Inmarsat: Doppler effect helped 'locate' MH370
Mind you, we still haven't found the wreckage
As air and sea searches continue to try and identify and retrieve wreckage from Malaysia Airlines MH370's presumed crash site in the southern Indian Ocean, Inmarsat has briefed Reuters on how it estimated the path the flight took.
Since relatively early in the search for the flight, reference has been made to the seven “pings” Inmarsat satellites received from the aircraft after it stopped communicating with air traffic control.
Initially, those pings gave two possible tracks for MH370: one heading north-west, which gave rise to a huge number of conspiracy theories suggesting it had been hijacked and landed somewhere on that path; and one heading towards the Indian Ocean.
Inmarsat has now told Reuters it took a second look at the satellite pings, focussing on how much they deviated from the notional frequency of the transmitter, to try and decide which of the two paths the aircraft took.
If we ignore the Reuter's “19th century physics” angle, that's still an impressively accurate frequency resolution: taking the cruising velocity of the aircraft as around 250 m/second, its impact on a 1 GHz signal would be a change of around 0.08 per cent, even if MH370 had been flying directly at the satellite.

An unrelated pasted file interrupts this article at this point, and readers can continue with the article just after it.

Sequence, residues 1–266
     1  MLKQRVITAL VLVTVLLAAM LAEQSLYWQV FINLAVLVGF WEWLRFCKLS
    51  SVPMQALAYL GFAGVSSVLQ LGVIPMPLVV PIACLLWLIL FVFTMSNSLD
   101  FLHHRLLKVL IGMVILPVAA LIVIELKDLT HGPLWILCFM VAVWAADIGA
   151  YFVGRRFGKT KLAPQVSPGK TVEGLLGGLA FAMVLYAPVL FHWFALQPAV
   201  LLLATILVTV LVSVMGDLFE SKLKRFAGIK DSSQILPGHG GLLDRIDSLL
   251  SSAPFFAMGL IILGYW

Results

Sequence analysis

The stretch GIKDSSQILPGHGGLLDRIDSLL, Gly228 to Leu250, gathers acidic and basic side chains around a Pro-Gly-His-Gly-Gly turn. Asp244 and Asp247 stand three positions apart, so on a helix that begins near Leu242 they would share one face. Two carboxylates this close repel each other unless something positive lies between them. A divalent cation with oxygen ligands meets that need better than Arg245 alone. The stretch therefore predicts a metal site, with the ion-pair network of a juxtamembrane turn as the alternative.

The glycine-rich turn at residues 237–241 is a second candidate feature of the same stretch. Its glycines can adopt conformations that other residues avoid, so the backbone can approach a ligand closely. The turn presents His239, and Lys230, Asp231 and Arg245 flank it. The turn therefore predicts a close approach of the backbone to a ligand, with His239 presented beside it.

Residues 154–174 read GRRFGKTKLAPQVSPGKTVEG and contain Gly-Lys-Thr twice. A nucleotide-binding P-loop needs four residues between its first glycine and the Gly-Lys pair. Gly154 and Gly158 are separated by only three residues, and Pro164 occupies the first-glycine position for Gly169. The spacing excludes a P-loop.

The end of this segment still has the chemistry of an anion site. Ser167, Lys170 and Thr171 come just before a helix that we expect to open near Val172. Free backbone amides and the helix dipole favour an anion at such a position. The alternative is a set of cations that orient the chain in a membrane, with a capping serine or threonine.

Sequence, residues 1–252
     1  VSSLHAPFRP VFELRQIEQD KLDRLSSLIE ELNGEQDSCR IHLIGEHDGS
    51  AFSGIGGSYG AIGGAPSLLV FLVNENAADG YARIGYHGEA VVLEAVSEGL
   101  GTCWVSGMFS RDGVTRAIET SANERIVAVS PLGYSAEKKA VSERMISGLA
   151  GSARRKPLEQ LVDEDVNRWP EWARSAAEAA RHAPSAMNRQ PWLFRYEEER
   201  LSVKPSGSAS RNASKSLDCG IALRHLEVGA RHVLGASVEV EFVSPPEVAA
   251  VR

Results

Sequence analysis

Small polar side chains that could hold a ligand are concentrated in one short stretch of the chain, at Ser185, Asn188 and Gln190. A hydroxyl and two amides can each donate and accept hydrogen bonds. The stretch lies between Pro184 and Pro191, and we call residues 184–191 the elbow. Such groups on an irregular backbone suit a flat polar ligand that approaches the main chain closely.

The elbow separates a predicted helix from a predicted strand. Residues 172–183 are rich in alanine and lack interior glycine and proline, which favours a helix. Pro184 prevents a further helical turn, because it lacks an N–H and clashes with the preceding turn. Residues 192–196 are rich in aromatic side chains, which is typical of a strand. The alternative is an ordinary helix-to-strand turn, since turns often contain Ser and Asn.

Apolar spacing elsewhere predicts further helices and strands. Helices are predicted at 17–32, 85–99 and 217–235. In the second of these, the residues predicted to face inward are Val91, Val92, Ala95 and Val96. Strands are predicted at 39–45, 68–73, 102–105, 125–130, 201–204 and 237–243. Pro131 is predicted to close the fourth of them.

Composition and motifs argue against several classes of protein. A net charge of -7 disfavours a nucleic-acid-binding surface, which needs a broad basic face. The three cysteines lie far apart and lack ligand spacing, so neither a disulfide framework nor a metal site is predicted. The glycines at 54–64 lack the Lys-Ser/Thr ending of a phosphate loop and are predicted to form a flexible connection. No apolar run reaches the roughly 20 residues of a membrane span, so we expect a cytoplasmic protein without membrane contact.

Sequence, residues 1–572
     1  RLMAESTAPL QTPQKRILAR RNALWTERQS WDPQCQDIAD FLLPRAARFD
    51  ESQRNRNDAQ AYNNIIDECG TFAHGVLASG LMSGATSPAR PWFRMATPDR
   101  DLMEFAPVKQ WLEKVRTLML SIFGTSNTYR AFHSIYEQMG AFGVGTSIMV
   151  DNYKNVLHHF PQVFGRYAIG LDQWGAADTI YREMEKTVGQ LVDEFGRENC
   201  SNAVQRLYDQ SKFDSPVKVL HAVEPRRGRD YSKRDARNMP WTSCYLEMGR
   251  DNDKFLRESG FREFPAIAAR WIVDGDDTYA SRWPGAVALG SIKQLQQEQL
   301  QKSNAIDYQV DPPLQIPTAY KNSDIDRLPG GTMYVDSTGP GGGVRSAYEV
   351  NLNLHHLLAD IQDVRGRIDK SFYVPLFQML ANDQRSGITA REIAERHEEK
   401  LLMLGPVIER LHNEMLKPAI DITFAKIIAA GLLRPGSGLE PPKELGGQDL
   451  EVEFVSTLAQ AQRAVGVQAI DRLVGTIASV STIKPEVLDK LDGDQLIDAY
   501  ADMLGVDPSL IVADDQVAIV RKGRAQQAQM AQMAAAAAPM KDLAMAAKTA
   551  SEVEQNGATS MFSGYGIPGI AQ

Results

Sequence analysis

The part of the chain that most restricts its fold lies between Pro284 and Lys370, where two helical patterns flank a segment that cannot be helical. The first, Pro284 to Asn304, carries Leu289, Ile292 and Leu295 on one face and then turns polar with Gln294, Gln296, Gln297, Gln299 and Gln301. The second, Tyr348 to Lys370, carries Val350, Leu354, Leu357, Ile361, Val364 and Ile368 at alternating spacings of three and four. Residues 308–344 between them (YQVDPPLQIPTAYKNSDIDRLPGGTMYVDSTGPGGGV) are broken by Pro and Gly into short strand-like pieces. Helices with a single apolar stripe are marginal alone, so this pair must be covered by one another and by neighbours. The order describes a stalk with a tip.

With Inmarsat at geostationary orbit, the Doppler effect on signals from the aircraft must truly be tiny. It's no surprise, then, that before releasing its results, Inmarsat passed its analysis to another company to check before making its announcement.
A discussion of the analysis has been published by the Malaysian Ministry of Transport, here.
The Sydney Morning Herald reports the area offering the best prospects to locate wreckage is probably in the vicinity of the Southeastern Indian Ridge, a zone of underwater volcanoes that hasn't been surveyed for more than 20 years. ®